The stainless steel Marauder II cab provides seating for eight personnel with a Super Vac Command light mounted on top of the raised roof cab. Safety components provided on the engine include a reinforced steel front bumper, cab-mounted down view mirror, 17-inch front disc brakes, rear body mounted back up camera and non-slip inserts located at the back step area.
Engine 12 is equipped with a Hannay booster reel located over the left side fire pump together with a 100-foot trash lines located at the front bumper and the right side pump panel for minor fires. Attack lines include two 200-foot 1 3/4-inch crosslay lines together with a 300-foot 1 3/4-inch and a 200-foot 2 1/2-inch pre-connected lines at the rear hosebed. Other lines include a 200-foot 3-inch pre-connected leader line and a 1,200 feet of 4-inch supply line. The apparatus is provided with both front and rear 5-inch intakes with the rear intake tucked away in the rear step compartment.
Body Construction & Layout
The apparatus carries a 10-foot folding ladder, 14-foot roof ladder, 24-foot extension ladder and two pike poles within an enclosed compartment at the rear body. The body is constructed of stainless steel and has seven lower body and four upper body enclosed compartments. While the body is just 146 inches long by providing for a shorter 28 1/2-inch front body compartment with a 47 1/2-inch wide compartment behind the rear axle the engine was able to maintain a compact wheelbase.
At times the pump panel area can get quite busy and cluttered with intakes, discharges and instrumentation. Seagrave utilized a 48-inch wide pump enclosure which provided sufficient space for a logical arrangement for the controls for each discharge. In addition to the standard color coding, the labeling for each discharge where a pre-connected line was attached utilized the specific name for that line such as "Rear Leader Line" and "Rear 1.75 Attack Line." Small items such as this can make the pump operator's job much easier during the heat of battle when placing multiple lines into service.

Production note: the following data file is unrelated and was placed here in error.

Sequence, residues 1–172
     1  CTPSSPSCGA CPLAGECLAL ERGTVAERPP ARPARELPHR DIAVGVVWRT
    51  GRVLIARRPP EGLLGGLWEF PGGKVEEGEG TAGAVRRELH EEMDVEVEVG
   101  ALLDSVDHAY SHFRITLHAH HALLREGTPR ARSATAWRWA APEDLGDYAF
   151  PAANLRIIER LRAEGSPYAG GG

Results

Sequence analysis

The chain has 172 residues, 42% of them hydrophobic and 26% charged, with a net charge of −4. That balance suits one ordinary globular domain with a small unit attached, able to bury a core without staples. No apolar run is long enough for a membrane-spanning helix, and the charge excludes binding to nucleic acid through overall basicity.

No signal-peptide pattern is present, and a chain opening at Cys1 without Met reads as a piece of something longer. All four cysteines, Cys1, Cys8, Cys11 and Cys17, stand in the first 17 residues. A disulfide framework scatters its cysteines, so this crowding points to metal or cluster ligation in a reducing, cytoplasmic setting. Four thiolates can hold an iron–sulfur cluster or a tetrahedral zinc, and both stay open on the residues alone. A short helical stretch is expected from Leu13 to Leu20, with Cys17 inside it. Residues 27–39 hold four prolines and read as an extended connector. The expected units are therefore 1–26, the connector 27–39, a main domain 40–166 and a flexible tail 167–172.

The body compartments utilize a number of adjustable shelves, slide-out trays, a hinged tool board and appliance mounting board to properly secure all tools and equipment. As the Independent Hose Company operates a well equipped rescue engine, the tool inventory on Engine 12 was set up to run as a conventional engine company. The body has additional storage space for tools and equipment that may be placed onto the apparatus in the future without having to crowd items within the body interior. The offset hose bed at the rear provides ready access to the attack and supply lines and enables personnel to safely access this area when required.
The apparatus history of the Independent Hose Company is indeed unique with a number of well designed apparatus dating back to their first motorized piece in 1908. The current Engine 12 carries on this long tradition and should provide many years of reliable, safe service to the community and the riding personnel of the company. Appreciation is extended to the crew from the Independent Fire Company who assisted with information on this unit and their apparatus fleet.
- See Tom Live! Tom Shand will be presenting "Fire Apparatus Purchasing: What You Need to Know Before Signing the Contract" and "Engine Companies: The Top 5 Things You Need to Accomplish at All Incidents" at Firehouse Expo, July 19 - 23, in Baltimore. He'll also be recording a live version of "The Apparatus Architects" podcast with Michael Wilbur.
TOM SHAND is a 37-year veteran of the fire service having served with departments in Maryland, Pennsylvania and New York. He has worked in the fire apparatus industry since 1985, including 15 years with Saulsbury Fire Apparatus. He is a contributing editor to Fire Apparatus Journal and Firehouse Magazine and works with Mike Wilbur at Emergency Vehicle Response. He co-hosts the Apparatus Architects podcast with Wilbur, based on their column in Firehouse Magazine.